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Signing of Declaration of Independence Movie ??Title??


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I saw the tail end of a movie where the Founding Fathers were discussing the grave decision of their signing the Declaration of Independence. It is not a musical. The entire scene of the movie seemed to be taking place within one room of Independence Hall. At the end of each of the men signing, they took a place in the scene and in the end, they were in still motion as if in a painting.


The host, at the end of the movie, had stated that the character who played Benjamin Franklin (a famous bit player in many old movies) had been black balled in the film industry shortly after this film was released. He would not be in films again until a year later.


Please....does anyone know the title of this film? It was not a musical, by the way.

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"1776". It was a musical, by the way.


Howard da Silva played Ben Franklin. What Osbourne said was that da Silva was blacklisted in the late 1940's and appeared in few movies until the early 1960's (He was the psychiatrist in "David and Lisa" (1962), for instance). He did stage work for years, and played Franklin in "1776" on Broadway in the late 1960's and early 1970's. "1776" was the first Broadway show I ever saw. The movie came out in 1972.


I can't believe he wasn't nominated for best supporting actor. Think about it: no other figure from American history is as closely associated with any single actor. My sister (who's in the business) once said, "You just know that Benjamin Franklin had to sound exactly like Howard da Silva."

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"1776" was one of the best plays our local theater ever put on - and they have done it again, the way they have several others. I thought for years and years it was so much better (our local one), with one or two actors excepted, than the movie. I've changed my mind - the movie is superb! - but only because of the remastered/restored version I saw the other night. For years (on VHS, anyway - never found the laserdiscs) all we had was a plagued-color (murky), pan/scanned, mono VHS. Now, I ask you, is that anyway to treat such a vibrant musical?!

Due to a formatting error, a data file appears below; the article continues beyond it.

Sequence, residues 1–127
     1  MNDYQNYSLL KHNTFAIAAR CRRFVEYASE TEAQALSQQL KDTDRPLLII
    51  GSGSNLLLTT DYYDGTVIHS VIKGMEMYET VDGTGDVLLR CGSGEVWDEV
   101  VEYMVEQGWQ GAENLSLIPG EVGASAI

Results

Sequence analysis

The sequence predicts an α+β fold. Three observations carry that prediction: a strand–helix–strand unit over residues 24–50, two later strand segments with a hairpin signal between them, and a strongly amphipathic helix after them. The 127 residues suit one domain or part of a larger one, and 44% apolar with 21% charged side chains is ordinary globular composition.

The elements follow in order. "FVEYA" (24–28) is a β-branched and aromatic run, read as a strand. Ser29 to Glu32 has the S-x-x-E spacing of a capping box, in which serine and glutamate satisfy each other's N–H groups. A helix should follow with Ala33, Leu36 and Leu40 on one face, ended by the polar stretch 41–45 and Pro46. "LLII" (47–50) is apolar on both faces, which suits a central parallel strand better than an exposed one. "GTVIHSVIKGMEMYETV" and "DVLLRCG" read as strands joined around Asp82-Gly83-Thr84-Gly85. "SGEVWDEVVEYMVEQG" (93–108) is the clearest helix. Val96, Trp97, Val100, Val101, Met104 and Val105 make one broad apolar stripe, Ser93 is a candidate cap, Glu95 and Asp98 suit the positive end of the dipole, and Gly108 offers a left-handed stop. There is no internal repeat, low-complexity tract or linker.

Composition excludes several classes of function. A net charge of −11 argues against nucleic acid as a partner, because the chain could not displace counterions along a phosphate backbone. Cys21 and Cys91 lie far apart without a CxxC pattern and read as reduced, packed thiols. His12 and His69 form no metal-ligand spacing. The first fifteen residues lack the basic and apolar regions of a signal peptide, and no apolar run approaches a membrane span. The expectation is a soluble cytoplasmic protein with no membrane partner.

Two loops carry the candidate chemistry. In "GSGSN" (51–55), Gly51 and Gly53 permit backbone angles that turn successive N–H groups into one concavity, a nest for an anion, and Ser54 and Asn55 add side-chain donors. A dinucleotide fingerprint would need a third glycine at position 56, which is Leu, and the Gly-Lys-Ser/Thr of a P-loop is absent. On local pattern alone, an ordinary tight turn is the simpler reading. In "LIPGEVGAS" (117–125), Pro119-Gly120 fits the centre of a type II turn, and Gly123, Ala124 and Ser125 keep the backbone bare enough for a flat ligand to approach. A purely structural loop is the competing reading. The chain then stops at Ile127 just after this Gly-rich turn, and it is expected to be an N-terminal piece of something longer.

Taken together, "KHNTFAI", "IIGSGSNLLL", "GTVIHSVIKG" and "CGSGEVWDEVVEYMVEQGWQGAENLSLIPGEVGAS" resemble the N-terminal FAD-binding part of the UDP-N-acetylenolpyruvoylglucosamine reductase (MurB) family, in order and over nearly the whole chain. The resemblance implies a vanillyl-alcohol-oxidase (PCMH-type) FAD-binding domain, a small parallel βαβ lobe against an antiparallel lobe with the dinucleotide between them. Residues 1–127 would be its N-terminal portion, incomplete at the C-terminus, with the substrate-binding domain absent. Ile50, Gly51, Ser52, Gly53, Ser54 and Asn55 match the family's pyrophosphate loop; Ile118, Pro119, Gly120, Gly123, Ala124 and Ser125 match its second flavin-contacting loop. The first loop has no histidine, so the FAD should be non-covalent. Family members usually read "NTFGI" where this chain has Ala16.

I was fascinated by Robert's discussion of how the movie was severely trimmed after Nixon expressed his disfavor, and not just with "Cool, Cool Men." If I ever find the laserdisc, maybe I'll finally see the really complete version. What they showed the other night seemed to be complete (and MUCH longer than other versions) - quite possibly the stage production was trimmed, also - but apparently there is a version at least 10 minutes longer. Anybody really know about this?


Letterboxed, brilliant color, stereo - WOW!!!!! But it still needs "live," with full dynamics from the tympani/bass drums where they occur - they get you where you live......

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I worked at a summer stock outdoor theatre in college that did a production of 1776. (The stage and house had a large roof over them, but was open on the sides.) It was set in a beautiful wooded setting, and during the end of the play, not only did they ring the bells, they shot off cannons! It was incredible. As the actors signed the Declaration, a giant backdrop unfurled behind them with the Declaration of Independence on it.


Sandy K

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